That would be unfair to class members who might have valid claims, Simandle added.
He noted that the declaration did not explain “how such a serious and central mistake could have inadvertently been included in the Complaints and discovery materials in this case” and appeared to be “an effort to paper over the problem.”
Coyle had placed herself in a predicament that set her apart from the class she sought to represent, Simandle said.
“Without doubt, determining whether this Plaintiff made her purchase of Defendants’ product on the date she repeatedly claimed, after she had retained a lawyer to file suit, would become a major focus and quite probably a show-stopper for this class.”
“We’re pleased with the judge’s changing his position and we’re pleased we will have the opportunity to proceed,” says Halbfish about Simandle’s changed decision about the adequacy of class counsel.
He says Coyle was confused about the date and he thought her testimony that she had bought the iced tea at other times would address the issue.
Daniel Lapinski of Wilentz says he has mixed emotions about the decision, given the findings on Coyle.
Philip Tortoreti, also of Wilentz, and defense lawyers Robert Donovan and Ryan Mulvaney of McElroy Deutsch Mulvaney & Carpenter in Newark, did not return calls.
Although Coyle is still knocked out as a class plaintiff, her lawyers could add a new plaintiff as class representative and try again for certification.
Halbfish says no decision has been made whether to do so.
Lapinski and Tortoreti already have another plaintiff. They are co-counsel with Lite DePalma & Greenberg of Newark in a similar action against the same defendants, Arizona Beverage Co. and related entities.
Robinson v. Hornell Brewing Co., 11-cv-2183, filed on April 13 on behalf of plaintiff Steven Robinson, is before District Judge Mary Cooper in Trenton.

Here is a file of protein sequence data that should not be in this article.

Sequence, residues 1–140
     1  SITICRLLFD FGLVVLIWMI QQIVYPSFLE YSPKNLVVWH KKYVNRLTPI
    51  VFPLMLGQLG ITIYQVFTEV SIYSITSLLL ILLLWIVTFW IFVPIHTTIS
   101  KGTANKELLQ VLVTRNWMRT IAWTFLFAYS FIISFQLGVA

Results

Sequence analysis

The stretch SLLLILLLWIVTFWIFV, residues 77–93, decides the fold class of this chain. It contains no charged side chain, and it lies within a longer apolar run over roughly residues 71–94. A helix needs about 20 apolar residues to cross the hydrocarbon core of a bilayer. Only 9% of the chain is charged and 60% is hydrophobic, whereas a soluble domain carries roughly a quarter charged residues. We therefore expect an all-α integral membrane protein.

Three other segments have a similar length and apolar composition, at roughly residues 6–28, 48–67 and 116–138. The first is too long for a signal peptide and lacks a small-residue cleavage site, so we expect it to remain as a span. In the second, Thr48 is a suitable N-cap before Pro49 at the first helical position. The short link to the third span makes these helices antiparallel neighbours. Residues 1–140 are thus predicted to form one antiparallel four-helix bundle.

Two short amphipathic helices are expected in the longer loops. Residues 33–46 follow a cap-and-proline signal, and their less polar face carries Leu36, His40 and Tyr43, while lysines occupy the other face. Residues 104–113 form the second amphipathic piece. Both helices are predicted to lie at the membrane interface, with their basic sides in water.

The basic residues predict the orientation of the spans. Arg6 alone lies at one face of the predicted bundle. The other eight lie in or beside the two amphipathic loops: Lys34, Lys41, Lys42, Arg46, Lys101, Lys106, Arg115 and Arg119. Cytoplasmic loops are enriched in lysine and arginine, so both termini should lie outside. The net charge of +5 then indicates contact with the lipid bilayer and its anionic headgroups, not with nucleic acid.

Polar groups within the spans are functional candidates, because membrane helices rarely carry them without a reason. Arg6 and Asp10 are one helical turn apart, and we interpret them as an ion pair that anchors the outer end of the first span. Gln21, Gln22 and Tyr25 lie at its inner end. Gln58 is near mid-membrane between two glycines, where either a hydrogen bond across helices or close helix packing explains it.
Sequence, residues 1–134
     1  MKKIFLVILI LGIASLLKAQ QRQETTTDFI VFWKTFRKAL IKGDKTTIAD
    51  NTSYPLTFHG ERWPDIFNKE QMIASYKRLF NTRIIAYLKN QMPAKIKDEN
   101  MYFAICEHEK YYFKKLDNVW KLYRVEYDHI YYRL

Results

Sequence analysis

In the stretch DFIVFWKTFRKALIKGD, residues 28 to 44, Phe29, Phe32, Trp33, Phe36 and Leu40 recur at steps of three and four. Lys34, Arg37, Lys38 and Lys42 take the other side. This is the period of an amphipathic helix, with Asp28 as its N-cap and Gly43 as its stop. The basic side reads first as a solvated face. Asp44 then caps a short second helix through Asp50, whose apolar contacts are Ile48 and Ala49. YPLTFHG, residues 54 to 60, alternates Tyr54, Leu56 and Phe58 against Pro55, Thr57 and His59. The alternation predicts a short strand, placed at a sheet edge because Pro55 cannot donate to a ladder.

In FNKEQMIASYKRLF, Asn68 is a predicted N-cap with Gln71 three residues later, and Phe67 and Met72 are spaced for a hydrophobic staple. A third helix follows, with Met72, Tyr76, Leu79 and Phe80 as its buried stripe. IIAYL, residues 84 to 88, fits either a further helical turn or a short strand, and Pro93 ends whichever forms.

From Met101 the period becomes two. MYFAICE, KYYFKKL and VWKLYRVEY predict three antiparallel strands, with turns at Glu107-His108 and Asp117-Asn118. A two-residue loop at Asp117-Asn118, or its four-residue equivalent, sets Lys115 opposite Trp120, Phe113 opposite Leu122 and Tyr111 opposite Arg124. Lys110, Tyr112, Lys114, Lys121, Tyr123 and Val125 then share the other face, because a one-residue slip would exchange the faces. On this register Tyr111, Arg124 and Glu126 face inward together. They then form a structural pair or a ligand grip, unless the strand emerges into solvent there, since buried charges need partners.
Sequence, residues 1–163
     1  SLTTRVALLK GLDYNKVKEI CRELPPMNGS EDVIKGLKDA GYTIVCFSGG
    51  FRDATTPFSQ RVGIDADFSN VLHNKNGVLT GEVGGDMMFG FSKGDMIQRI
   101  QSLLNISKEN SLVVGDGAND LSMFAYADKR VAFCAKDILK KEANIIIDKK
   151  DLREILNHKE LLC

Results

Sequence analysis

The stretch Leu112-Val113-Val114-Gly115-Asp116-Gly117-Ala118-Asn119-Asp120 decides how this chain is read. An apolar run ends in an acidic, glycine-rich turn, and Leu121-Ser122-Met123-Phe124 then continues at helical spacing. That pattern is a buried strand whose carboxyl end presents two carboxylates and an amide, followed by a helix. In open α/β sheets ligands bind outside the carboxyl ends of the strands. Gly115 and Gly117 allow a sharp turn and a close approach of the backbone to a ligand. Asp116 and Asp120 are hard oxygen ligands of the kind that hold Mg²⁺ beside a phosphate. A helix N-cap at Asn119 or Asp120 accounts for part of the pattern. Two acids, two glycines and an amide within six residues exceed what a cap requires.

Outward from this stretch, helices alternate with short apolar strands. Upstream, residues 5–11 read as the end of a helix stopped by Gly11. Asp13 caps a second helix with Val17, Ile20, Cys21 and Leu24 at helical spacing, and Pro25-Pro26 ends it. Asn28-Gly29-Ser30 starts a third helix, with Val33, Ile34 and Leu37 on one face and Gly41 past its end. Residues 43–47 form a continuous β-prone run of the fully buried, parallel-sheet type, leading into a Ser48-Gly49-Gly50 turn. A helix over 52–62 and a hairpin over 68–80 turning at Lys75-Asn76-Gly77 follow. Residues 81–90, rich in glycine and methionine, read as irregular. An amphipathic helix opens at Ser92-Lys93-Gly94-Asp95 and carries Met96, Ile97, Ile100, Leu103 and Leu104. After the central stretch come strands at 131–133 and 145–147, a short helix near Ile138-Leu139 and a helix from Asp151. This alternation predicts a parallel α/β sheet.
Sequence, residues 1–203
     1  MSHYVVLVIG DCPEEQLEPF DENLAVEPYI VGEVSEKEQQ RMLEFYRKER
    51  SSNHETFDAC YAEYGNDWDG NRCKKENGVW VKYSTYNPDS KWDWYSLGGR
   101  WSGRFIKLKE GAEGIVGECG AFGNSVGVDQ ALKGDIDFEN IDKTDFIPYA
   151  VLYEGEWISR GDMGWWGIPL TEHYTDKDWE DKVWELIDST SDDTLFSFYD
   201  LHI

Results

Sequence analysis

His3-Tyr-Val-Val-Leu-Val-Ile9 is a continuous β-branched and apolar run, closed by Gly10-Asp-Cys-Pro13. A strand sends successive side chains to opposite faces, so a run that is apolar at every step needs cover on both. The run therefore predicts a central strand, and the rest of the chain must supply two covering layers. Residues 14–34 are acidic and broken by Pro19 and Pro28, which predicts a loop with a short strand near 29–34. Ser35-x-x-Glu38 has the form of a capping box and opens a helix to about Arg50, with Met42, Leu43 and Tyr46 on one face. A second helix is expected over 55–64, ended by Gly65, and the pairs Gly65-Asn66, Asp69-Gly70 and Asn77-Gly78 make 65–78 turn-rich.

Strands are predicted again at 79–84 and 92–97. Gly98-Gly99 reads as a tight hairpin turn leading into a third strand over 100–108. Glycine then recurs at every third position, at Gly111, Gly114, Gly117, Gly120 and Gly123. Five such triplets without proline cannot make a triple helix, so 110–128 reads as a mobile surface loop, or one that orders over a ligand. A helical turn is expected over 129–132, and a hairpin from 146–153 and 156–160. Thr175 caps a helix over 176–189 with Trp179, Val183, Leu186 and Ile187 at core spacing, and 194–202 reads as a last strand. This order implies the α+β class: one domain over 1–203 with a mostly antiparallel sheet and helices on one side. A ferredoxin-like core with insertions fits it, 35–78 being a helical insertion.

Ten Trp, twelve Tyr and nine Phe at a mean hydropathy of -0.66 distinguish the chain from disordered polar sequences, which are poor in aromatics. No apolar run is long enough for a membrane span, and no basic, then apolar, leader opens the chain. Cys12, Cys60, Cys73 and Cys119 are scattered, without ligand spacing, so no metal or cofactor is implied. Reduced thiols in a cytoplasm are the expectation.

A motion to strike or dismiss the class allegations was filed Aug. 2 and has not been decided.
Lapinski and Tortoreti also brought similar litigation over claims that Snapple iced tea was “all natural” even though it contained HFCS.
In Holk v. Snapple Beverage Corp., 07-cv-3018, Cooper held the claim was pre-empted by federal food labeling laws, but the Third U.S. Circuit Court of Appeals reversed on Aug. 12, 2009. The case was dismissed with prejudice on Nov. 23, 2010, based on the parties’ stipulation.
Lapinski says he cannot recall whether the Holk dismissal was in connection with a settlement, but says a similar claim he brought against Snapple in California settled on confidential terms.
HFCS is a sugar substitute created from an enzymatic process in which the glucose in corn starch is converted to fructose and mixed with pure corn syrup.
Cheaper than sugar because of corn subsidies and sugar tariffs and widely used in soft drinks, cookies, salad dressing and other products, HFCS has been blamed for a rise in obesity. Snapple replaced it with sugar in 2009, but it is still used in Arizona drinks.